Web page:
Dozens of Māori across the country are joining a movement that seeks to raise awareness around suicide prevention among Māori males.
"Kōrerobro is a Māori/kiwi male suicide prevention kaupapa with the purpose of having our men speak up about life's challenges with their brothers around them. Our mission is to have every kiwi male believe that it’s never too weak to speak and get help," says advocate Benjamin Armstrong (Ngati Hine/Waikato).
According to the Ministry of Health the latest census shows that Māori males are twice as likely to take their own life as non-Māori males.
Luke Fleming (Ngāti Apa), kaiawhina and student advisor at Wintech, says that one of the contributing factors to the statistics is the overall feeling of not living up to expectations within the parameters of Māori culture.
"We come from a beautiful and rich culture ... so not being able to live up to being tough and strong as men ... makes individuals feel short, and when all those pressures come onto people then they just don"t feel adequate."
Although the official launch is not yet underway, Ben Armstrong has already had positive experiences with the movement in his dealings with friends, near and far.
"Since sharing the Kōrerobro movement with some good friends I haven’t spoken to in a while, they've came out of their comfort zones, telling me about the struggles they ... were going through and how our kōrero and this kaupapa helped them gain confidence to speak up and get help from the right people," says Armstrong.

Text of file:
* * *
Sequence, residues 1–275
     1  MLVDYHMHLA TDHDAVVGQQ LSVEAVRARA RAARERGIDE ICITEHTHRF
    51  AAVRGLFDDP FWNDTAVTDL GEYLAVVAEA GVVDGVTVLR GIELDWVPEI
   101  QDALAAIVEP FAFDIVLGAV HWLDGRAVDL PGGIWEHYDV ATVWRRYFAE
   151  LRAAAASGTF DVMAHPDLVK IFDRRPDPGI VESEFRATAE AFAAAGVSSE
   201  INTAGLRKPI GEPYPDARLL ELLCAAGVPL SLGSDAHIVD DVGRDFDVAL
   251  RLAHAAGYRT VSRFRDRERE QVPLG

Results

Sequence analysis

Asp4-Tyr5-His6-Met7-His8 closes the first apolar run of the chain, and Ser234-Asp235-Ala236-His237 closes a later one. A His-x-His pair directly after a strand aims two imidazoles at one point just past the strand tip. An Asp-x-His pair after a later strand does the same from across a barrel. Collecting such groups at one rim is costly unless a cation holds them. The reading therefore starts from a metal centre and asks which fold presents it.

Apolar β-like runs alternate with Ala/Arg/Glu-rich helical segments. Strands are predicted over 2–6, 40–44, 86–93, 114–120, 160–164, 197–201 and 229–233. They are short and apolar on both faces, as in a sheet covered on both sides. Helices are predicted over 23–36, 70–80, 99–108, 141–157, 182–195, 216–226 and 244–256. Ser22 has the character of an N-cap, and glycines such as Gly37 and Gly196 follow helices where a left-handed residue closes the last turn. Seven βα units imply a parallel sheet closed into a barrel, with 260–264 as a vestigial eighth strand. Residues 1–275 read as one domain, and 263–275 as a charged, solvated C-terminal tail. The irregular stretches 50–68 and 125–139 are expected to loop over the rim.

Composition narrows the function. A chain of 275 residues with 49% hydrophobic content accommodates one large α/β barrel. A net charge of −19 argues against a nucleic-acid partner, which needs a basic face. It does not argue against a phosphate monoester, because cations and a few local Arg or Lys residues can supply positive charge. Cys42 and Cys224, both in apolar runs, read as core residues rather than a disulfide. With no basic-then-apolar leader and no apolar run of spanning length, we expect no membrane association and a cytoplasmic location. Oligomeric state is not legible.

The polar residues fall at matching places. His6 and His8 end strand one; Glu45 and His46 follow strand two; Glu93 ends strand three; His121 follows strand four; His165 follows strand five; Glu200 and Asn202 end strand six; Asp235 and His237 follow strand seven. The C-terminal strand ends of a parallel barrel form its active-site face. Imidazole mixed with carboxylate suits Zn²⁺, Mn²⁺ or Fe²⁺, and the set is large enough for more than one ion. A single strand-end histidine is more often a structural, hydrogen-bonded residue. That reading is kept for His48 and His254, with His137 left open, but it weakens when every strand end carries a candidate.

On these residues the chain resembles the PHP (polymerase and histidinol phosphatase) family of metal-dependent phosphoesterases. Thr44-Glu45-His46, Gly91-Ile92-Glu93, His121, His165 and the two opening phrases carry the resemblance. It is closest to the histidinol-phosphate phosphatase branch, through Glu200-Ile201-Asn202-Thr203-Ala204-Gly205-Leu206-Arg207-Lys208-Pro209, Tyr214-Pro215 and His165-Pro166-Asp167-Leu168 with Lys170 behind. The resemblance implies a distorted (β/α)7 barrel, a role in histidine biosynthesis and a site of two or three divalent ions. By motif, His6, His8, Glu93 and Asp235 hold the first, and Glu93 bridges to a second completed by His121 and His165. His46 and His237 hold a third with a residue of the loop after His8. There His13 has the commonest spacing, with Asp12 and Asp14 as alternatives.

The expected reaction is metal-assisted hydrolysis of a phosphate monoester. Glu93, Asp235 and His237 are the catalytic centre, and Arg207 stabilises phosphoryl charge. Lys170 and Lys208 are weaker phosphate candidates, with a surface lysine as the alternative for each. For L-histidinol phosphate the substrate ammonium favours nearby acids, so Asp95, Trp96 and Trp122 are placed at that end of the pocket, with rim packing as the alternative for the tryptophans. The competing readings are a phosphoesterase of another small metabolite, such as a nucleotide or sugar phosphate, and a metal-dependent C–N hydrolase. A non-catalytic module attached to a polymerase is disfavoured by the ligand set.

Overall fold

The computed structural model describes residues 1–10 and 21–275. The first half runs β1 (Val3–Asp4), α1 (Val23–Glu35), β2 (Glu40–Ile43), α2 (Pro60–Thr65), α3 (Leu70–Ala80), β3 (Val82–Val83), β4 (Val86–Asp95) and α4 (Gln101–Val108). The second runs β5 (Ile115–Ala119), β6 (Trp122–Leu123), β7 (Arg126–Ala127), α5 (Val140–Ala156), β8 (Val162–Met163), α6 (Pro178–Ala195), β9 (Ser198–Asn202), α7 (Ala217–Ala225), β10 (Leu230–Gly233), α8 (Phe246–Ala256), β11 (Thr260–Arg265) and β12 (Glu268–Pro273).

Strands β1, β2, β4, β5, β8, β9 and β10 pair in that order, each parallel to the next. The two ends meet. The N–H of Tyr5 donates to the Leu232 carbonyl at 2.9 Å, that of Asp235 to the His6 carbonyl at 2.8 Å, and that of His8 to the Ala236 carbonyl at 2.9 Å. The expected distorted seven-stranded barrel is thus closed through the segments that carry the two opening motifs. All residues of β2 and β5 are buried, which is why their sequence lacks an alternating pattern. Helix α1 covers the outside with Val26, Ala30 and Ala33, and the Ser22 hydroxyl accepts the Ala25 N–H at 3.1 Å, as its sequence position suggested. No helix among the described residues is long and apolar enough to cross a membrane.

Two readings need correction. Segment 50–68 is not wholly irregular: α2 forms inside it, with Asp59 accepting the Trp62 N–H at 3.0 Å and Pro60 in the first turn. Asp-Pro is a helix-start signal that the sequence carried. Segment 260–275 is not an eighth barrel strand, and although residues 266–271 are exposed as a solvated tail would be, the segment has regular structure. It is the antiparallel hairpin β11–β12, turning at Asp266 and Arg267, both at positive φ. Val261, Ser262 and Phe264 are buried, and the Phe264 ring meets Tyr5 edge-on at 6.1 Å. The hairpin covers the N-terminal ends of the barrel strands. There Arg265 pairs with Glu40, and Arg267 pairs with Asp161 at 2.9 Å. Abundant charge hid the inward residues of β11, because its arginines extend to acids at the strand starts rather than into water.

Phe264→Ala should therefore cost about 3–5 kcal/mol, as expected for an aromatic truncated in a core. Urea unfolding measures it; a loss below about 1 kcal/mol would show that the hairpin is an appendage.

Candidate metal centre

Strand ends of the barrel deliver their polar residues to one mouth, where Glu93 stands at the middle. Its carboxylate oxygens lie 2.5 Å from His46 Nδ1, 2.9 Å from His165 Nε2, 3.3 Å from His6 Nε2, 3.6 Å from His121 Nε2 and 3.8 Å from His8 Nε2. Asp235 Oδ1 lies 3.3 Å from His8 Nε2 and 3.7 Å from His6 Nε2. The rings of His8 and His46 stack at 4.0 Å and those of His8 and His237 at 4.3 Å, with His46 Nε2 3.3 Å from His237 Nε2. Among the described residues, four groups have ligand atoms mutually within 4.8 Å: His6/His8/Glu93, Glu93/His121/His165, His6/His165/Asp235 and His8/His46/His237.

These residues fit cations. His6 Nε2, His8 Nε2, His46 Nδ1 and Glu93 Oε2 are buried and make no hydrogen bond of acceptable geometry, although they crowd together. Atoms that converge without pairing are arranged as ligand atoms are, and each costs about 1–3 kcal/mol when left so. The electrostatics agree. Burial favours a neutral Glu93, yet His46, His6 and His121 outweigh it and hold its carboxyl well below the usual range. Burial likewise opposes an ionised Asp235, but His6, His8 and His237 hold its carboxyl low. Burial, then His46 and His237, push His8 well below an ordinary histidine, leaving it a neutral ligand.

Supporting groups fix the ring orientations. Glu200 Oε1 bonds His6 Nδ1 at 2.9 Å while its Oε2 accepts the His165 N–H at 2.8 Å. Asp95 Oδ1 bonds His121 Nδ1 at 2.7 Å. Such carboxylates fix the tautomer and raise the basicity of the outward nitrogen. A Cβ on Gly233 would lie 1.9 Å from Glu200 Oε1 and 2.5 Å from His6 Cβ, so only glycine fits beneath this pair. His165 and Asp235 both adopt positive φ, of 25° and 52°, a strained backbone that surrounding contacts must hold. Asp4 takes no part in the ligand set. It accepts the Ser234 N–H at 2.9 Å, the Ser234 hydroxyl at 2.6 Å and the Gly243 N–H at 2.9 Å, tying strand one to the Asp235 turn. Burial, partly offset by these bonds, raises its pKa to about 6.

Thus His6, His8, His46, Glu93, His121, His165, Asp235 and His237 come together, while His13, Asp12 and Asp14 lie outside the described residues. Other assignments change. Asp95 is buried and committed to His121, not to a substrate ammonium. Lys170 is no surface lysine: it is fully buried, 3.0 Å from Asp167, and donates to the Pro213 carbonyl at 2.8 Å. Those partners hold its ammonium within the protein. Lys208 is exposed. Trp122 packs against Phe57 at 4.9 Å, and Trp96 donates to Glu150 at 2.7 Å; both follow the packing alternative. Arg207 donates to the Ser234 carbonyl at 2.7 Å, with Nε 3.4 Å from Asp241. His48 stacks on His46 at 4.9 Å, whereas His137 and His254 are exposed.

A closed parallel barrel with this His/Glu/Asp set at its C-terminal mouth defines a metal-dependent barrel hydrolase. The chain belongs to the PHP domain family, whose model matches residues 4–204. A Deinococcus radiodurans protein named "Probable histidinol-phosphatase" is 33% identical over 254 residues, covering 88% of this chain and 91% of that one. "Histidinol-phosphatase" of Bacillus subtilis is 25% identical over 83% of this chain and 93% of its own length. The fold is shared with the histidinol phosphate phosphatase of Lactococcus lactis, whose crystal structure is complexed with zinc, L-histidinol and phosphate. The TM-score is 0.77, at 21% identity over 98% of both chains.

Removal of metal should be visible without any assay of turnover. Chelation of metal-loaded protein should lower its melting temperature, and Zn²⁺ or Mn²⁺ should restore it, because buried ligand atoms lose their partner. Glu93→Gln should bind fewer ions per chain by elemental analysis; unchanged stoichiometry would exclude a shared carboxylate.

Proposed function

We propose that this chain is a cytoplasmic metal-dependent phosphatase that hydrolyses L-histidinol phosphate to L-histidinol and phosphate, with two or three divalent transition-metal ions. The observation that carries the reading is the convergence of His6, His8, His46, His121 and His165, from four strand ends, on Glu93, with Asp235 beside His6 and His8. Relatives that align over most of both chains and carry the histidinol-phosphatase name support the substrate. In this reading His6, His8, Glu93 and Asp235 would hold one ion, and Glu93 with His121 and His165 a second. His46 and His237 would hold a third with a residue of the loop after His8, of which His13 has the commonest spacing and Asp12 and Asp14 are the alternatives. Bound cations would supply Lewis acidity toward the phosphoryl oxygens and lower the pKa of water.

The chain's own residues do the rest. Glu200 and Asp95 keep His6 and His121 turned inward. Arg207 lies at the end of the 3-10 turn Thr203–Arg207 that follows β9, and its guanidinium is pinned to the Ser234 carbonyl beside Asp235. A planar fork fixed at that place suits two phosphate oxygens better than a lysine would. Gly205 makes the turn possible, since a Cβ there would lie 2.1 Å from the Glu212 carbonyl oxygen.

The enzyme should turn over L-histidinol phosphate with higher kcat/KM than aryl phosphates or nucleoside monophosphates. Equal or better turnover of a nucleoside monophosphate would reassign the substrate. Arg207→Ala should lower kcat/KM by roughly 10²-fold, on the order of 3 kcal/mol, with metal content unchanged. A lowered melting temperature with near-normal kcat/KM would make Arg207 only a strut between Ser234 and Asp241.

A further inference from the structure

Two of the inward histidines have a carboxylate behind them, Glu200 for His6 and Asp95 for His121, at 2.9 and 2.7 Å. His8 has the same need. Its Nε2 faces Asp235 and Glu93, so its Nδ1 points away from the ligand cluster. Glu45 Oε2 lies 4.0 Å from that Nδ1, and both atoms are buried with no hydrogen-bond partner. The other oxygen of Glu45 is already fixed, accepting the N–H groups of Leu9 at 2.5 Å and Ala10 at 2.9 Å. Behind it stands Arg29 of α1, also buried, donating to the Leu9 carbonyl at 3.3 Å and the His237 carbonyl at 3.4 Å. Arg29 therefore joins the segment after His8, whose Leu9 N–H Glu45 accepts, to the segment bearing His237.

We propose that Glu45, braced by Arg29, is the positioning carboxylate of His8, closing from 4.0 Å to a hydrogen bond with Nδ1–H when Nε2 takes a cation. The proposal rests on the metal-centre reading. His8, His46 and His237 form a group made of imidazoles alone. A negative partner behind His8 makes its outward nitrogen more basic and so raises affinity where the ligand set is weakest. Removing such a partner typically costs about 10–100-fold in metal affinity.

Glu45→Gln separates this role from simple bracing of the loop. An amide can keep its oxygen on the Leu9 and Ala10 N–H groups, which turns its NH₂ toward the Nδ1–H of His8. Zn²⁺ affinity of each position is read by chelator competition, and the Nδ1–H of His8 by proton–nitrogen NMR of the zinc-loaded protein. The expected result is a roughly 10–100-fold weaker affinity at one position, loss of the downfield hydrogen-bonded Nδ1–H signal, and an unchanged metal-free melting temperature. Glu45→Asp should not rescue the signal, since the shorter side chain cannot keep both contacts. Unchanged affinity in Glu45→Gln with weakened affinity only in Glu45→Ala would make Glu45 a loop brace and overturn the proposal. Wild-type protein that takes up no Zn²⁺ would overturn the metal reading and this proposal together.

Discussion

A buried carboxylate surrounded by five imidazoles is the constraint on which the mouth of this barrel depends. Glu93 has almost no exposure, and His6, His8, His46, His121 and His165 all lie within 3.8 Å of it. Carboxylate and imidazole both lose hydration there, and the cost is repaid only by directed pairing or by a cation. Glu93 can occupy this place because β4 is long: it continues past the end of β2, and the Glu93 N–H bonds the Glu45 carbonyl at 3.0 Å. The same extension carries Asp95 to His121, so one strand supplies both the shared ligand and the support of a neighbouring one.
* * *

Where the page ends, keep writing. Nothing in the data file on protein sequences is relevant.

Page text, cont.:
In the past month alone, there have been dozens of short clips of people who have joined the movement, sending general messages of love and support to anyone viewing that is in need emotional support.
"Just wanna let you know bro, I love you, I'm here for you. Don't be a tough guy bro speak up, I'm not gonna judge you ..." says 16-year-old Livi Hirawani (Tainui) in one such message.
It is acknowledged that women are also susceptible to suicide attempts, however, Armstrong's focus on men is fuelled by the overwhelming statistics.
"We have focused on Māori/kiwi males at the moment because 75% of suicides in NZ are male. We are passionate about helping our own bros stay around and look after their whānau ... we for sure have full intentions to bring a female lens into our kaupapa when the time is right, but for now we invite our mana wahine to support and push their males to join the movement and speak up," says Armstrong.
The official Kōrerobro launch is on the 31st of August.